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Improve Your Gut Health with Polyphenols

Polyphenols are found in many plant foods and provide many health benefits! I am excited to share a few ways that polyphenols help boost gut health and prevent other chronic diseases. We will also explore some of the different types of polyphenols and which foods are part of them. I have a new recipe that I hope you will love!

We will discuss which foods are high in polyphenols and flavonoid foods, which foods increase BDNF, and quercetin in green tea, along with lots of other information about these beneficial phytochemicals.

What are Polyphenols?

Polyphenols are potent phytochemicals that help our body through fantastic antioxidant activity. They fight inflammation and reduce free radicals, which increase our risk for chronic disease.

How Do Polyphenols Affect Your Body?

Let’s talk about how polyphenols improve our health.

While researching the development of Vine Ripe Nutrition’s Digestive Wellness Program, I was pleasantly surprised to learn the best polyphenols to benefit gut microbiota. I learned more about this at a recent webinar by Kate Scarlata on “A Holistic Approach to IBS, sponsored by Fody Foods, and had some excellent resources I can use.

Health Benefits of Polyphenols in Gut Health

How do polyphenols improve GI Health?

Because polyphenols are not easily digested, they act inside our body like prebiotics by nurturing and helping increase the number of healthy bacteria in our gut and reducing potentially harmful bacteria. Below is a list of these foods.

Healthy bacteria help improve our body’s ability to use polyphenols in other ways to improve our health. This makes it sort of a win/win, symbiotic relationship! Here is a research article that highlights a little more about this relationship.

Best Polyphenols for Gut Health

People often wonder, What are polyphenol foods? And what are the best polyphenols for gut health?

Here is a list of foods with the highest polyphenol content for digestive wellness.

  • Dark berries with polyphenols, like strawberries, raspberries, cranberries, and elderberries

    Berries high in polyphenols are an excellent choice for gut health!
  • Purple plums and currents
  • Cocoa powder and dark chocolate
  • Flaxseed
  • Tea
  • Coffee

    I was surprised to learn that coffee beans are among the highest sources of polyphenols, including chlorogenic acid which helps reduce oxidative stress and inflammation . Caffeic acid, another polyphenol in coffee, benefits the immune system with its antioxidant and anti-inflammatory properties.

Other Health Benefits of Polyphenols

As a registered dietitian, I learned about the benefits of polyphenols, but researching what they do was almost overwhelming but in a perfect way.

More research needs to be done in this area, but these are inspiring possibilities: What we eat can prevent and manage so many chronic diseases!

Health Benefits of Polyphenols in Cardiovascular Wellness

Two ways that polyphenols help promote a healthy heart are their role in reducing inflammation and their antioxidant activity, which helps remove free radicals in the blood vessels.

These actions help lower LDL cholesterol and blood pressure, decrease stroke risk, and increase HDL cholesterol. Check out this article which has more about how it helps.

Some health benefits of polyphenols in olive oil include reducing the risk of heart disease. Here is an excellent article about how polyphenol rich olive oil can reduce cardiovascular disease.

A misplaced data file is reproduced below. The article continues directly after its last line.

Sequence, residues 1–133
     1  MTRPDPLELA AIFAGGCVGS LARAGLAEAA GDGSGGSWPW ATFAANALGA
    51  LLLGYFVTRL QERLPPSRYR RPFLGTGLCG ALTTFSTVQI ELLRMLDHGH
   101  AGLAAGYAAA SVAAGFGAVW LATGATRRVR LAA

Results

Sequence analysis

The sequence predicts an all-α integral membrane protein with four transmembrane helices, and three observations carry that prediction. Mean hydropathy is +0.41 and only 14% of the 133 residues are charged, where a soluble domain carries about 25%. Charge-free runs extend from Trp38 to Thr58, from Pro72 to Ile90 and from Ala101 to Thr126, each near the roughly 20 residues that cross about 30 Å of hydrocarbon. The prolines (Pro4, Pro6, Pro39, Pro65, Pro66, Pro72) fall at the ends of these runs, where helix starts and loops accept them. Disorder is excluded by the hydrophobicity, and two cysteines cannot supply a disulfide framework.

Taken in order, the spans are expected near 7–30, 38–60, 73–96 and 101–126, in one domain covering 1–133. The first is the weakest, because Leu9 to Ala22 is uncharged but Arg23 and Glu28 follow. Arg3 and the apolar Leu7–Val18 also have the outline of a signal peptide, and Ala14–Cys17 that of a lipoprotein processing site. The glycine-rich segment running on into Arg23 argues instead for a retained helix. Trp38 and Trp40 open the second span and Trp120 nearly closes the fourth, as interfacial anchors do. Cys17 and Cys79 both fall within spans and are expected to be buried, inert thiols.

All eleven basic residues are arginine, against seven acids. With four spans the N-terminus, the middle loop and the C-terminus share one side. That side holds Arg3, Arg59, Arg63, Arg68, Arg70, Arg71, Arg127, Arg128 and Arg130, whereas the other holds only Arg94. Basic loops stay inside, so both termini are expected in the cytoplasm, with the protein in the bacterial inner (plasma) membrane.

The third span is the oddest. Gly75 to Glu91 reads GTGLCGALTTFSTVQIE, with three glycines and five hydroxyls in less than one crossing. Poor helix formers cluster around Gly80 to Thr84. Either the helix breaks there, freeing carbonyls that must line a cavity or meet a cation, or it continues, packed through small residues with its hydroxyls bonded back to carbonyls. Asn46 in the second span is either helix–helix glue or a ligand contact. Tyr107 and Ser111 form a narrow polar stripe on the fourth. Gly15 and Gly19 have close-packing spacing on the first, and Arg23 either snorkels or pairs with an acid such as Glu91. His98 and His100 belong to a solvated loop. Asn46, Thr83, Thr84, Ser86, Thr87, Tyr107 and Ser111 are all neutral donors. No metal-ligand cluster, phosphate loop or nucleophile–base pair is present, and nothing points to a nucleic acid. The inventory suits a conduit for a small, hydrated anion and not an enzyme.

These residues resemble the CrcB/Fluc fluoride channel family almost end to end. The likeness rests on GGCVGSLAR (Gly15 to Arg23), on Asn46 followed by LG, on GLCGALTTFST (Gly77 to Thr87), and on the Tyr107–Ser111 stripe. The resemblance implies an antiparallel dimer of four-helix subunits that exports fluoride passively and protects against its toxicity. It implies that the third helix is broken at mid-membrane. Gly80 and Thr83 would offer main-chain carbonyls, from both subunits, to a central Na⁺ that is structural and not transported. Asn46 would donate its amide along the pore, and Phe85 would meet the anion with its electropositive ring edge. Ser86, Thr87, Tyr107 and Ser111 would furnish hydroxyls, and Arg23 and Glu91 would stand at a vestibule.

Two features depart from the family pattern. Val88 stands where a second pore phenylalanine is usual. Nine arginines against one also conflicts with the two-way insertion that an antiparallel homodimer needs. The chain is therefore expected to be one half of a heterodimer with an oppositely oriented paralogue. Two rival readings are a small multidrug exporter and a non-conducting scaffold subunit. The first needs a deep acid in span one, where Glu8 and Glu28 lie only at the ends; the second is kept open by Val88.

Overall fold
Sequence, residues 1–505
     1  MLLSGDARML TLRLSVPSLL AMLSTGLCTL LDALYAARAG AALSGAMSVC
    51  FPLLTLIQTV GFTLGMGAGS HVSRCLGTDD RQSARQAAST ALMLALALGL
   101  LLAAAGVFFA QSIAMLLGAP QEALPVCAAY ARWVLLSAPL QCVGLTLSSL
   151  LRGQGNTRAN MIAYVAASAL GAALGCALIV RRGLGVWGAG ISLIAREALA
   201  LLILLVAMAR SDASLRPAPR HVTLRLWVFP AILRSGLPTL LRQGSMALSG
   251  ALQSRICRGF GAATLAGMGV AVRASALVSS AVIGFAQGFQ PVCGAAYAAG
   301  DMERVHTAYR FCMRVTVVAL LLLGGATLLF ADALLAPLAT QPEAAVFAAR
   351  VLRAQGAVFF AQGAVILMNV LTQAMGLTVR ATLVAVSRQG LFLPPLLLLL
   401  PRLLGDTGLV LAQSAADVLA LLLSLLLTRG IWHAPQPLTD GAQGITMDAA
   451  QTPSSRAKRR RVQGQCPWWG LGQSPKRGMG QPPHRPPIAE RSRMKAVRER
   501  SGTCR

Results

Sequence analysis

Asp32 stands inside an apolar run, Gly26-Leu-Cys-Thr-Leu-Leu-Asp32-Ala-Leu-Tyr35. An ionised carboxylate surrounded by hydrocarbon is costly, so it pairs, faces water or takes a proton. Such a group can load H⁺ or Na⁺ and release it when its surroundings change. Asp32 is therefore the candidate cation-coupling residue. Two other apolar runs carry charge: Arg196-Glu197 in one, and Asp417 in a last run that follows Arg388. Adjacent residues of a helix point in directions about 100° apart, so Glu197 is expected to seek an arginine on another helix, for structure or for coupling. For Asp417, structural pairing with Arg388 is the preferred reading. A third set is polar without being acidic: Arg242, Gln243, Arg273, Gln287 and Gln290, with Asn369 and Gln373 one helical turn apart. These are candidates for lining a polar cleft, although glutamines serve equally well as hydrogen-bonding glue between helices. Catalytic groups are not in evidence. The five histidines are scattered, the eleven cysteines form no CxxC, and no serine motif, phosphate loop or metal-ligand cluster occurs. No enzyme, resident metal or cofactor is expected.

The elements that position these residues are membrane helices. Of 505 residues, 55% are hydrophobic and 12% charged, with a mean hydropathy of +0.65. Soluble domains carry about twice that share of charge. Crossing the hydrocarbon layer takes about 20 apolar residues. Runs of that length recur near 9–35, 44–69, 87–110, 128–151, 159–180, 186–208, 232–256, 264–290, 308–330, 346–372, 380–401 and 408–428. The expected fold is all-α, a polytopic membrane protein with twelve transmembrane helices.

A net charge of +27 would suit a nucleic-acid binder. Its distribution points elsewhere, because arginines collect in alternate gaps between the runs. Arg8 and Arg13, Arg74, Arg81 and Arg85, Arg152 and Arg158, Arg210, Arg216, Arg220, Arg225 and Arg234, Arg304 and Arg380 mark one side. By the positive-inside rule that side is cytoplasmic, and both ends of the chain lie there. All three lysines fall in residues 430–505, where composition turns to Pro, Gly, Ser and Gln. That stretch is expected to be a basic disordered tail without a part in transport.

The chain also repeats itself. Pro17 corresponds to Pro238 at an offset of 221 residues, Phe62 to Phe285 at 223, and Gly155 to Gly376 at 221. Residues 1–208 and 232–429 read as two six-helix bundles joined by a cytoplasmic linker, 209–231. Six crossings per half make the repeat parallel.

Potential Health Benefits of Olive Oil and Plant Polyphenols – PMC (

The polyphenol quercetin found in green tea, apples, and additional foods helps prevent strokes and cardiovascular disease.

Health Benefits of Polyphenols in Our Brain

Polyphenols’ antioxidant benefits and their ability to improve gut health are some of the big reasons they help prevent neurogenerative brain disease. Much research has been done on the relationship between a healthy brain and the gut.

In addition, the polyphenols known as “stilbenes,” most commonly found in blueberries, may promote the secretion of beneficial brain-promoting chemicals like “brain-derived neurotrophic factor (BDNF). You can find out more in this informative research article from 2015. When there are increased BDNF levels, it prevents the death of brain cells.

More research is being done to see how polyphenols affect anxiety, depression, and other mood disorders, but much more needs to be studied on how they benefit. Here are some additional ways to increase your BDNF levels.

Health Benefits of Polyphenols Cancer in Prevention and Survival

These medicinal antioxidants also play an essential role in cancer prevention and may affect many cellular mechanisms in cancer growth.

One way that polyphenols do this is by helping reduce our body’s inflammation and boost our immune system. I like the article’s nice overview of the different types of polyphenols in our food and how they can help. It is an essential reminder that the more variety we have of medicinal plant foods, the more benefits we get!

Health Benefits of Polyphenols Skin

In addition to the above benefits, research has shown that polyphenols protect our skin from the harmful effects of UV rays, which gives our sunscreen an additional boost when we eat these foods. The antioxidant benefits from these foods also provide a real anti-aging advantage. You can find out more about how polyphenols benefit our skin here.

Health Benefits of Polyphenols to Prevent and Manage Diabetes

Because of their anti-inflammatory role in the body, polyphenols are very beneficial for preventing Type 2 Diabetes and might also help improve blood sugar. This entire article about these benefits is worth reading.

Polyphenols Role In Achieving a Healthy Body Weight

I have included an article below highlighting the Potential Health Benefits of Polyphenols and their relationship to a healthy weight. For instance, a few of these ways involve assisting the body in burning fat, limiting the ability to store excess fat, and reducing inflammation in the body, You can find out more details about how polyphenols help maintain a healthy weight here.